Few ASCs or office surgery centers have systems in place to appeal denied or partially paid claims. Most hospitals have such mechanisms but rarely pursue all the appeal avenues available by law or individual contracts, including arbitration, administrative hearings and litigation.
Surgical facilities write off tens or even hundreds of thousands in collectable revenue annually. Of $1.5 trillion in healthcare-claims transactions in 2002, $422 billion were denied, paid incorrectly or not paid promptly, according to industry estimates. But it doesn't have to be that way. Here's how you can minimize denials.
Steps you can take
1. Analyze payer contracts. Many contracts contain standardized language that seems harmless but increases denial risk. For example, do you have a meet-and-confer clause that allows discussion on disputed claims? How is medical necessity and appropriate care level determined? For example, if you perform disc-decompression surgeries, don't let your contract leave you prone to hold ups or denials stemming from disputed pre-op tests (such as discography interpretation by the insurer's medical reviewers) or level of care (if conservative treatments such as bed rest and analgesics fail, could you be denied because a reimbursed non-surgical treatment such as physical therapy may be more appropriate?). Have your legal counsel identify potential pitfalls and suggest language to optimize reimbursement.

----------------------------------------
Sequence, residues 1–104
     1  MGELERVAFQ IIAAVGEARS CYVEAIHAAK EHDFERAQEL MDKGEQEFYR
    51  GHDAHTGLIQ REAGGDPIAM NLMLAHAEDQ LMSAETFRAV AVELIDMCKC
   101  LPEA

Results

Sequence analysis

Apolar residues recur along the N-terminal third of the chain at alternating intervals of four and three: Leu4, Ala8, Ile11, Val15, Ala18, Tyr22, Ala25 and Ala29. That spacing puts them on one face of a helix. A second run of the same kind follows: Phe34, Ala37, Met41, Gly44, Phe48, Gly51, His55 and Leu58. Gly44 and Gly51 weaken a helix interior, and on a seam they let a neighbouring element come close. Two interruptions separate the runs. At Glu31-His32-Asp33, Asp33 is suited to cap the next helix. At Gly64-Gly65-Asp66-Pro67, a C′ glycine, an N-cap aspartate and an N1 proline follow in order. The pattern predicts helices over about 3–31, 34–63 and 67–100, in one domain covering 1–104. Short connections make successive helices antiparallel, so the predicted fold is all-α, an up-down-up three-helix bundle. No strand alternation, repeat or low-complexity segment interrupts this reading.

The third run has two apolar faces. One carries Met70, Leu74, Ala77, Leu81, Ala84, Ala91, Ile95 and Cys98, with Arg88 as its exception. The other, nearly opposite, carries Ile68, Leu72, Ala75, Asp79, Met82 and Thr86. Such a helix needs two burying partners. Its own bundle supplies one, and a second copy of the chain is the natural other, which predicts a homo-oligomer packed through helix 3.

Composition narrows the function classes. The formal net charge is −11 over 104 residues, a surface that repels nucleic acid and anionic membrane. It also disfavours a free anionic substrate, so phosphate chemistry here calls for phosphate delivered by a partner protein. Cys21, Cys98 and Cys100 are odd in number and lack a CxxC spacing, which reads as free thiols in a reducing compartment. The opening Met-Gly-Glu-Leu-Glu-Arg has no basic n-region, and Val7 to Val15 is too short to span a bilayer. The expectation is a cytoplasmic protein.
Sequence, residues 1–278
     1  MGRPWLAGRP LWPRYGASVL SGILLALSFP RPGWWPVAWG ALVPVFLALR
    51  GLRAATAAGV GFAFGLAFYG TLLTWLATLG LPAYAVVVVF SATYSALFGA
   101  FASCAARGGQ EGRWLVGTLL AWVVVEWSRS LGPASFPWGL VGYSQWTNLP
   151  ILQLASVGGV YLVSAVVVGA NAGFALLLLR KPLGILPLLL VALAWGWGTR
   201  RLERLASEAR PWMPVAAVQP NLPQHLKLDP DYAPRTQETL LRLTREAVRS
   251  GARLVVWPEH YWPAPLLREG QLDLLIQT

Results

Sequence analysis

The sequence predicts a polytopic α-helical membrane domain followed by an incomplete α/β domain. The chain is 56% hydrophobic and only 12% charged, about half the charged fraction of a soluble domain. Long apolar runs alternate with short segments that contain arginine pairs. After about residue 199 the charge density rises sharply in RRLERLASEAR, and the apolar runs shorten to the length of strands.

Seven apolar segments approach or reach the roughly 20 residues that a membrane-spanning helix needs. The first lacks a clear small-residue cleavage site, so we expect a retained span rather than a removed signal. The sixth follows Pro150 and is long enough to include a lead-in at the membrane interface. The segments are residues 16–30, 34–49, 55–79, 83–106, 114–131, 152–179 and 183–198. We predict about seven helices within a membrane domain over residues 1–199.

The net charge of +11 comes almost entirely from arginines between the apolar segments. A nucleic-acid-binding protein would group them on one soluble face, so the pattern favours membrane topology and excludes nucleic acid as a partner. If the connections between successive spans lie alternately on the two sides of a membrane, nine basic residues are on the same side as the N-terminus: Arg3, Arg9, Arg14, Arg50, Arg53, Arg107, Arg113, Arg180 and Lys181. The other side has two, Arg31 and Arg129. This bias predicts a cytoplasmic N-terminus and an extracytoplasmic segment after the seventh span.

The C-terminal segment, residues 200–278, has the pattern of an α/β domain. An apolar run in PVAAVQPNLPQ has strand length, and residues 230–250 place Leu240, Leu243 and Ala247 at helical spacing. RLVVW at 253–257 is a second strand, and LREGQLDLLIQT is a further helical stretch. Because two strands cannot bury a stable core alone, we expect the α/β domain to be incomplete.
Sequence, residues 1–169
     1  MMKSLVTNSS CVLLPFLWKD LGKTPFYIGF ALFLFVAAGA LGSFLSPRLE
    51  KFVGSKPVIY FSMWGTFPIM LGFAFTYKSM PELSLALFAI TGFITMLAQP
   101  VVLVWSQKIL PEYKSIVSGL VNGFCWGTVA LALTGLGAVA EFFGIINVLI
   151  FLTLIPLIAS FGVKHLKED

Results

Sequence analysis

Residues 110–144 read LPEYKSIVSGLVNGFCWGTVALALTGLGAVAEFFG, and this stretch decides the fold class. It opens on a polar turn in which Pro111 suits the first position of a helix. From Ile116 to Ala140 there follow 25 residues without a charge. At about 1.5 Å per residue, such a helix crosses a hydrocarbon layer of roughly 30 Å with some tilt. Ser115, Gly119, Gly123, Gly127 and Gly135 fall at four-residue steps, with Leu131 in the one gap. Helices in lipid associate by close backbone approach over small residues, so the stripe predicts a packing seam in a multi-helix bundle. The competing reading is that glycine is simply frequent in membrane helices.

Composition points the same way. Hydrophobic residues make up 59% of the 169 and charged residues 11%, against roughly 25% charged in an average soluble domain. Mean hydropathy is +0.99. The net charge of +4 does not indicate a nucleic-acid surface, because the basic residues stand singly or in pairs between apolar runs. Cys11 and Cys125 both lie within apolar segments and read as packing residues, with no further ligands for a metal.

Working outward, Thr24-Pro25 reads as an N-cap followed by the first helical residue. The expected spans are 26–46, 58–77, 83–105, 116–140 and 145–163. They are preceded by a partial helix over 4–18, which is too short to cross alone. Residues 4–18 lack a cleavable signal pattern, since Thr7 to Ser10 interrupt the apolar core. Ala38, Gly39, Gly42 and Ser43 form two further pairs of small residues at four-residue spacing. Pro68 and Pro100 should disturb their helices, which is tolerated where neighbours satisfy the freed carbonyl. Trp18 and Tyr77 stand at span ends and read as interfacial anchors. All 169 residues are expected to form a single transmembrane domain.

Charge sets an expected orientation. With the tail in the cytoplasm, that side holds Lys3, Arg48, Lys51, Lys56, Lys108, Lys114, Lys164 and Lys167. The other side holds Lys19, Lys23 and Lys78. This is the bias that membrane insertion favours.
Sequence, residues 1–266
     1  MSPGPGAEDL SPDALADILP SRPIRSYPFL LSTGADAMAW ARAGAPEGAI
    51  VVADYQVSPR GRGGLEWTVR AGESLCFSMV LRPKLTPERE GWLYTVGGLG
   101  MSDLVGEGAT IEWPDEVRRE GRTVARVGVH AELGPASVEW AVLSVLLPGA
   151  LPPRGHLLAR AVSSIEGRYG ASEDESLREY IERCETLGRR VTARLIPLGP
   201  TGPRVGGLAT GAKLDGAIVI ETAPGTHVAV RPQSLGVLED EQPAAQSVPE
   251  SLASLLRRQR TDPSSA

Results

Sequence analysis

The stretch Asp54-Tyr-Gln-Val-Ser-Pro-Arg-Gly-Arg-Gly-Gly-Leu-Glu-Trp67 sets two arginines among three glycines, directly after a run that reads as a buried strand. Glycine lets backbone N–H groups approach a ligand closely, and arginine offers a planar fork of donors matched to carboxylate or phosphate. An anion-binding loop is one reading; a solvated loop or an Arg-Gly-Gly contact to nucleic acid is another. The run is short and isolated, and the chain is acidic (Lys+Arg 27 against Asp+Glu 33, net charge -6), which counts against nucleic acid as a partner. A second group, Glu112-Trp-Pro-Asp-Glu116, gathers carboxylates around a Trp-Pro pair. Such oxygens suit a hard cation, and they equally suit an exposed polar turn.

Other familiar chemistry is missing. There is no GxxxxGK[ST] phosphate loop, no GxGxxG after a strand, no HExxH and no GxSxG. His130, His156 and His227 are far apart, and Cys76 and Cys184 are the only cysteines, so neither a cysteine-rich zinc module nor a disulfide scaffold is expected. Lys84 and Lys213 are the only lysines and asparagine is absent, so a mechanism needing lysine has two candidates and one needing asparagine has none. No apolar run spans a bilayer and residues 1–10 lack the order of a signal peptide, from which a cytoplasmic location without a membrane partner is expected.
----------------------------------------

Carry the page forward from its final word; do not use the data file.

2. Trend your denials. Track denials by insurer, denial rationale and monetary amount. You might spot vulnerabilities in your billing system and red flags with payers.
3. Articulate persuasive medical arguments. Airtight diagnoses and operative reports help defend the CPT code(s) used and the medical evidence backing the legitimacy of the claim that help overturn a denial. The resources you invest to educate your coding and medical personnel are small relative to writing off needless denials and glacial turn-arounds.
4. Be persistent. Perseverance is key to overturning denied claims. In my experience, about one-fourth of appeals are overturned on first appeal; another one-fourth on the second. The more vigilantly your denial management team pursues the payer - via daily phone calls and documented correspondence - the more likely the insurer will take corrective action. Go up the chain of command and insist on speaking to the representative's supervisor if you're told nothing further can be done to resolve the dispute.
5. Arbitrate or litigate. If a final written appeal has been rejected, many facilities feel they must accept the unfavorable decision. However, depending on contract provisions, many such denials can be overturned through binding arbitration and/or litigation in state and federal courts. For example, a national hospital system's Pennsylvania hospitals had exhausted all appeals for 24 disputed denials (for lack of medical necessity, untimely filing and disputes over payment at incorrect contractual rates) with one insurer. The hospitals filed collectively for arbitration; the insurer paid five claims in full before arbitration. After arbitration, the hospitals were awarded reimbursement for 16 more claims (with interest penalties added on three).
Insurance companies deny thousands of claims a year with what appears to be substantial evidence to support non-payment. They know most denials are accepted because many providers don't have the manpower or experience to investigate denials and pursue appeals. But you can significantly improve your reimbursement with a modest investment of time and effort.